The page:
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VIM: Out of the BOX

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  • Alok Bisani
    Case ... 1. What is the best thing that you like about VIM that is not there in other seperate individual Environments ( IDEs, Editors, Word Processors etc.)?
    Message 1 of 38 , Mar 8, 2004
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      Case
      ----
      1. What is the best thing that you like about VIM that is not
      there in other seperate individual Environments ( IDEs,
      Editors, Word Processors etc.)? Probably very little.

      2. Editing is a such widespread activity. We edit in so many
      places :- IDE, mail clients, word processors, browser forms (
      like this one ), text editors etc. But on how many different
      such tasks do you (or can you) use VIM? If you are someone
      who fall in the 90% category, probably not more than a few
      unique tasks.

      3. How many times, when you have edited using VIM for
      whatever
      purpose, that you felt you are missing some feature. A
      feature which would have been (or is) provided for better
      while in editing somewhere else. Probably IDE, or Mail client
      or Browser or whatever else. But then you can eat the cake
      and have it too. VIM is an editor and cannot/should not do
      more than that?!

      4. Quote from develop.txt
      "- Vim is not a shell or an Operating System. You will not
      be able to run a shell inside Vim or use it to control a
      debugger. This should work the other way around: Use Vim as
      a component from a shell or in an IDE. A satirical way to say
      this: 'Unlike Emacs, Vim does not attempt to include
      everything but the kitchen sink, but some people say that you
      can clean one with it. ;-)'"
      How applicable is this today? Can you truly clean everything
      with VIM. Probably not.

      5. World has progressed from CUI to GUI. It will move on.
      People will use advanced GUI and probably 3D UI for most of
      their tasks in the near future ;-) . How accessible is the
      unique interface of VIM in those situations. Probably not
      very accessible.

      Alternatives
      ------------
      What can we do now to make VIM accessible across the
      board, and forever? I suggest that we commoditize VIM. Wrap
      it in a useful framework of reusable objects (like one of the
      APIs available from Apache). Decouple it from anything that
      makes it captive in a box. And then mass market it. For use
      in any App where editing is involved. Have RAD elements of
      VIM controls. Something that would have VIM "OUT OF THE BOX",
      anywhere.

      I am no Systems Architect ( for now ) but I think the
      following steps outline this metamorphosis.

      1. Refactor the VIM codebase into a framework of reusable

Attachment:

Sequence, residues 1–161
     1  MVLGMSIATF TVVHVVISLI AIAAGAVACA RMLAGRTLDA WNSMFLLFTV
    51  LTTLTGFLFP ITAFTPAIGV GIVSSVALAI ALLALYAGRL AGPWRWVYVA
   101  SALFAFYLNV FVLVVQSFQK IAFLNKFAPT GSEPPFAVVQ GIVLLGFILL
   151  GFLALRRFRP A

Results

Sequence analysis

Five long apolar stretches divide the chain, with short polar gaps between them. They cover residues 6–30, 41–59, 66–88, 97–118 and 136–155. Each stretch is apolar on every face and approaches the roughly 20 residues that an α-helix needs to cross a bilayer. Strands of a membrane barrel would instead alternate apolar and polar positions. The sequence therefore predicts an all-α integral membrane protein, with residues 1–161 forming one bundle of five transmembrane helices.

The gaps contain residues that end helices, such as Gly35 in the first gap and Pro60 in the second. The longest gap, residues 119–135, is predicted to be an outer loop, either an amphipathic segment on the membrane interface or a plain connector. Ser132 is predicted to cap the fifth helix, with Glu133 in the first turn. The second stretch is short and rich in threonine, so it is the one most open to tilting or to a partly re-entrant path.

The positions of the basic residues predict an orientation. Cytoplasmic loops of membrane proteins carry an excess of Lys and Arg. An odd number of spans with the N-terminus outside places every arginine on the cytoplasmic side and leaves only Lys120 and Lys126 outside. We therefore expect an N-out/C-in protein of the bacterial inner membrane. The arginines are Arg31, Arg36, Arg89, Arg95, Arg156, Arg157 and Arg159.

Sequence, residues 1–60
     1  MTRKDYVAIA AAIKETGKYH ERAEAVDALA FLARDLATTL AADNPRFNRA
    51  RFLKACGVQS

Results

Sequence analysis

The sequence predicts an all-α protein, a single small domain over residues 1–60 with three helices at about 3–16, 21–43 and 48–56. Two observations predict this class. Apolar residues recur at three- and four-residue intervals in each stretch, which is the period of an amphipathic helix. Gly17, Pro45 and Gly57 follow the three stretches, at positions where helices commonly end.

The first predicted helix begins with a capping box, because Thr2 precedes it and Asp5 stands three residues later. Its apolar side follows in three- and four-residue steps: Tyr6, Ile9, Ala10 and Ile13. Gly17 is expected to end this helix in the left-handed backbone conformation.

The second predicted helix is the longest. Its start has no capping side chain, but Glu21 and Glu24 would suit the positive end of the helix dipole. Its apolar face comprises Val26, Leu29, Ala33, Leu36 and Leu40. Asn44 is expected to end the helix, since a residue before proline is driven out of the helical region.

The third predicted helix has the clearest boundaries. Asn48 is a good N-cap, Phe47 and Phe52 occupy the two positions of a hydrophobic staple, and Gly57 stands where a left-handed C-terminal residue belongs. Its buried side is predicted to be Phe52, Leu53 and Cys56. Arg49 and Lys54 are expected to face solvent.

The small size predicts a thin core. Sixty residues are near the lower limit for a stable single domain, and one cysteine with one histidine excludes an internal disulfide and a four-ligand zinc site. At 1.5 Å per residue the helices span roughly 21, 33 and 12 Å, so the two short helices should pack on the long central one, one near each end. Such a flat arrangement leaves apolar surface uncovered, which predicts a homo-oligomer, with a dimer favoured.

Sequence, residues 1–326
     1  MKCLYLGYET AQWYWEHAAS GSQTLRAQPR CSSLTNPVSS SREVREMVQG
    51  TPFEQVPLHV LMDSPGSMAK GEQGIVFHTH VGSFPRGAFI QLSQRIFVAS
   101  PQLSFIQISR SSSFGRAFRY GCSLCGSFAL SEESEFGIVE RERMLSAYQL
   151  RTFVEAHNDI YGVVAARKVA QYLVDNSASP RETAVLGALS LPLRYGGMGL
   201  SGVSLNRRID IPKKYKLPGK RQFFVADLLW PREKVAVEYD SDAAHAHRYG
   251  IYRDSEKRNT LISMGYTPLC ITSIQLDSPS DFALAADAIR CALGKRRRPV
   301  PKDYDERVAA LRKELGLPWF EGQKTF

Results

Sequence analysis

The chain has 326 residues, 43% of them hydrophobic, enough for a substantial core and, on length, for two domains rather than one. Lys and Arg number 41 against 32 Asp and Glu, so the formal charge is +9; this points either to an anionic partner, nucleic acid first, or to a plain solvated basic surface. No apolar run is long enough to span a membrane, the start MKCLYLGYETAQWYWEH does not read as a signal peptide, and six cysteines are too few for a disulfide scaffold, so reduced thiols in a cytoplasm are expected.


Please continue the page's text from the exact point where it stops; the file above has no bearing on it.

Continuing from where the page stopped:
Object Oriented classes. Probably any (or every ?) OOP
      language could be used. Why keep VIM tied to C, when every
      modern system supports C++ or other OOPS.

      2. Make an API out of this framework codebase and use this
      intensively in a few environments like GVIM. Publish this for
      other projects to reuse.

      3. Make controls which would use this framework for ready
      deployment in GUI RAD Apps like using VB,MFC,GTK controls
      etc.

      This would take much more effort than currently gone into
      making VIM from VI. But it would certainly make VIM more
      pervasive. And much more accessible. And given time, and the
      involvement of contributors, this is certainly possible.

      Would love to hear the comments from the current Maintainers
      and VIM contributors on this line.

      -Alok

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    • Bram Moolenaar
      ... Extra data? ... I don t see why providing support for C plugins would be simpler than extending support for Vim scripting. Have a look at Python, which
      Message 38 of 38 , Apr 1 6:46 AM
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        Gergely Kontra wrote:

        > On 0309, Bram Moolenaar wrote:
        > > We already do: It is called Vim script. Since it mainly consists of Ex
        > > commands it's very practical for Vim users.
        > But not for complex tasks, which needs extra data

        Extra data?

        > > Attempts to use one of the (more or less) standard scripting languages
        > > have failed, for several reasons. My latest attempt is to suggest using
        > > Python, but you can see on the voting page how popular that is.
        >
        > Than can I write plugins in C, which can be compiled easily by end
        > users?

        I don't see why providing support for C plugins would be simpler than
        extending support for Vim scripting. Have a look at Python, which does
        support including C modules. It involves so many things: Getting them
        compiled, designing an API, etc. The main advantage is that it's
        faster.

        --
        hundred-and-one symptoms of being an internet addict:
        226. You sit down at the computer right after dinner and your spouse
        says "See you in the morning."

        /// Bram Moolenaar -- Bram@... -- http://www.Moolenaar.net \\\
        /// Sponsor Vim, vote for features -- http://www.Vim.org/sponsor/ \\\
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